- PepsiCo’sCEO Indra Nooyi led the company through a 12-year period in which soda sales plummeted, with year after year of declines.
- Nooyi’s strategy has been to push PepsiCo to build out its snack business and double down on healthier brands.
- By 2016, less than 25% of PepsiCo’s sales were from soda.
PepsiCo’s CEO Indra Nooyi is leaving the company after 12 years – a period of time that has been marked by turmoil and massive change in the soda industry.
When Nooyi joined Pepsi in 1994, the soda business was booming. Soda consumption in the United States reached its peak in the late 1990s, with the country consuming nearly 53 gallons per capita in 1998.
Then, the backlash began.
In the early 2000s, nutrition trends began to shift from demonizing fat to singling out sugar as a top ingredient to avoid. And, sugary sodas were increasingly painted as one of the top villains.
When Nooyi took the position of CEO in 2006, soda sales were already in decline as Americans increasingly tried to cut sugar from their diet. In May, soda sales by volume dropped for the first time in 20 years, according to Beverage Digest, marking the beginning of a decline that has continued every year since.
Even before being appointed CEO, Nooyi had helped lead the beverage company’s push into bottled water, sports drinks, and tea, quickly growing categories that offered Pepsi relief from the decline in soda sales. Pepsi increasingly referred to itself as a “total beverage company,” as well as building out its snack-food portfolio following the acquisition of Quaker in 2001.
“In the 1990s virtually all of Pepsi’s products were bad for you – or ‘fun for you,’ as the firm likes to put it,” The Economist reported in 2010. “Under Ms. Nooyi, who became boss in 2006, it has stepped up its diversification into products it calls ‘better for you’ and ‘good for you,’ including fruit juices, nuts and porridge (oatmeal, to Americans).”
Nooyi was vocal about the need for change – for both financial and ethical reasons.
In 2010, she led PepsiCo in making a series of commitments, such as removing sugar and salt in a number of brands and pulling sugar drinks from schools. In an investor conference, she said Pepsi needed to be finding solutions – not contributing to – “one of the world’s biggest public-health challenges, a challenge fundamentally linked to our industry: obesity.”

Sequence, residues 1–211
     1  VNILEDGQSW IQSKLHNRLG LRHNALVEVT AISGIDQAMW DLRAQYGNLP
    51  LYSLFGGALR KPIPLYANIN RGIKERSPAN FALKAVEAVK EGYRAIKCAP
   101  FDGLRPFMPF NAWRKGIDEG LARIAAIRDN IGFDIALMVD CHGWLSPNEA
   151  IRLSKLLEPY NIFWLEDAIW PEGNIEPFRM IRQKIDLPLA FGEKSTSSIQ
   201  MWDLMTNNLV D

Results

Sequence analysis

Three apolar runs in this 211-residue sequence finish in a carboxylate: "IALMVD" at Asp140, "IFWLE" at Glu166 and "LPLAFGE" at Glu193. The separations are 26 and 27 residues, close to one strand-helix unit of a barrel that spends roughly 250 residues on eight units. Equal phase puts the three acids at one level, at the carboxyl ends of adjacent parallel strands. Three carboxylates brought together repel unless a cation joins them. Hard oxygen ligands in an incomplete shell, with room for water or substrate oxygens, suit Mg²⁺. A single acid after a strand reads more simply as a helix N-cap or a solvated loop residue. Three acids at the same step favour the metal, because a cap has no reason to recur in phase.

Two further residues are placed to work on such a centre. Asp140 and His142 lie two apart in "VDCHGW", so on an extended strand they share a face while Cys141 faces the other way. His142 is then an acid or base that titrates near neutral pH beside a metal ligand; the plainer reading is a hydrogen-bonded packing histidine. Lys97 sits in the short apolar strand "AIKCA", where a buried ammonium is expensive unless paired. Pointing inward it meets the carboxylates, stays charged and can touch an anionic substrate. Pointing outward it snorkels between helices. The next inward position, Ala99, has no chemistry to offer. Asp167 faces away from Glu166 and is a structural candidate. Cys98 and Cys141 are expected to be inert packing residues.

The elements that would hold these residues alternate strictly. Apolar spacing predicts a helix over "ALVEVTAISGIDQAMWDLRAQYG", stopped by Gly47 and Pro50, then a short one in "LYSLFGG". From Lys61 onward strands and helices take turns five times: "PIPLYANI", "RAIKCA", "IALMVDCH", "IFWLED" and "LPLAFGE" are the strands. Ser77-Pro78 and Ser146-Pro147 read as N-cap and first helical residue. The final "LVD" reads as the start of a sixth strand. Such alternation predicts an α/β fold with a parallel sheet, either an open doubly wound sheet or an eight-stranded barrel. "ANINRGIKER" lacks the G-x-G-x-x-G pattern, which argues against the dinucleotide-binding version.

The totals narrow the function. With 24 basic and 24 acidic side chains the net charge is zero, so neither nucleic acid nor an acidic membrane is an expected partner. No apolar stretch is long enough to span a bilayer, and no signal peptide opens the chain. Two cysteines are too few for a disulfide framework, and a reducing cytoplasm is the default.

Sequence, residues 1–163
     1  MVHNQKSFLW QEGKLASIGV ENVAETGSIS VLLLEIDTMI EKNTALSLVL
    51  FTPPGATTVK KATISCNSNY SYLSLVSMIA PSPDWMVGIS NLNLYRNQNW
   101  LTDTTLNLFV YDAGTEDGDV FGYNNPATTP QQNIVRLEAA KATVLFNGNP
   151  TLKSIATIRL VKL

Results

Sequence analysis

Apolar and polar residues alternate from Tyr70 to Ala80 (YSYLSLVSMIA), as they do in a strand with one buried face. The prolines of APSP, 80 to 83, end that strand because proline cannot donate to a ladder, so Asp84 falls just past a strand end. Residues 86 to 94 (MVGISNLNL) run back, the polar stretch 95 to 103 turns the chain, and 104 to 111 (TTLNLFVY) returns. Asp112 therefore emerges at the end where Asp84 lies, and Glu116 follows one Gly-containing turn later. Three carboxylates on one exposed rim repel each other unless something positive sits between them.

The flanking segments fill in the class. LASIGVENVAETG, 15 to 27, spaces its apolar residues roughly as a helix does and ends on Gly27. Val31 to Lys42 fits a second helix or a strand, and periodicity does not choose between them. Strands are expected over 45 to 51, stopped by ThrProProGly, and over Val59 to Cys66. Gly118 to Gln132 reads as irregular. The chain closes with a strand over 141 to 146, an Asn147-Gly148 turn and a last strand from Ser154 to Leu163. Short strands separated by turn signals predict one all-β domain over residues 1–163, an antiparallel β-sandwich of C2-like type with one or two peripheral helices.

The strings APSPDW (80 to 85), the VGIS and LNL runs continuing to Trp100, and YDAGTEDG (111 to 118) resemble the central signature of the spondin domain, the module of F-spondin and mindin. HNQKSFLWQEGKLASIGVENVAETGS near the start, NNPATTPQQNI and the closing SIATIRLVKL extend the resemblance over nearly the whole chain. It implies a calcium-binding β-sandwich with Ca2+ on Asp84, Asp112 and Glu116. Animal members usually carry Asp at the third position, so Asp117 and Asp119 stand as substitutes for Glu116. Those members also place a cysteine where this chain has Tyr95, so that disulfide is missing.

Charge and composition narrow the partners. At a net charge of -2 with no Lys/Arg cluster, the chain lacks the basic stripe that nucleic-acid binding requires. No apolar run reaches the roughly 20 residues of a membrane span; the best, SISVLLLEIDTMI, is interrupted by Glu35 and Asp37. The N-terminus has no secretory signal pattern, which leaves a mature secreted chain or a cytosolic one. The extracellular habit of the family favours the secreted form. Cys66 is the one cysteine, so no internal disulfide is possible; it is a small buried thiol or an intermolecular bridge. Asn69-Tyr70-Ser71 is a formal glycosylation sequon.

By 2016, less than 25% of PepsiCo’s sales were from soda, equal to sales from “naturally nutritious” brands like bottled water and unsweetened drinks, thanks in part to health-centric acquisitions such as German dairy–company Theo Muller Group and lower-calorie soft drink Izze. Nooyi called the emphasis on products aimed at nutritionally savvy customers “future-proofing” Pepsi’s portfolio, “reshaping it to capitalise on consumers’ increasing interest in health and wellness.”
Nooyi’s emphasis on health and the decision to double down on brands outside of soda has been met with some criticism. And, it wasn’t without its missteps, such as when the company was forced to backpedal and bring back the recipe for Diet Pepsi that contains aspartame earlier in 2018.
However, as soda sales have continued to fall, Nooyi’s strategy seems to have paid off as a whole.
“Ms. Nooyi’s smart thinking and her sound vision for PepsiCo is the key reason that the company has scored so many successes, from seeing off activist investors to its expansion in overseas markets,” Neil Saunders, the managing director of GlobalData Retail, wrote in a note to investors on Monday. “However, it was her insistence on building up and maintaining a strong snack business that was most prescient.”
“With demand for soda under pressure, PepsiCo can now take comfort in the fact that it has a balanced portfolio of products – including in emerging areas like plant-based snacks from its recent acquisition of Bare Foods,” Saunders continued.
As Coca-Cola continues to double down on soda, PepsiCo’s drive to build out its business outside of soda seems likely to only grow stronger with Nooyi’s departure. While soda remains a major source of business, PepsiCo’s most recent high-profile beverage launch is a different fizzy drink: the sparkling water brand bubly.
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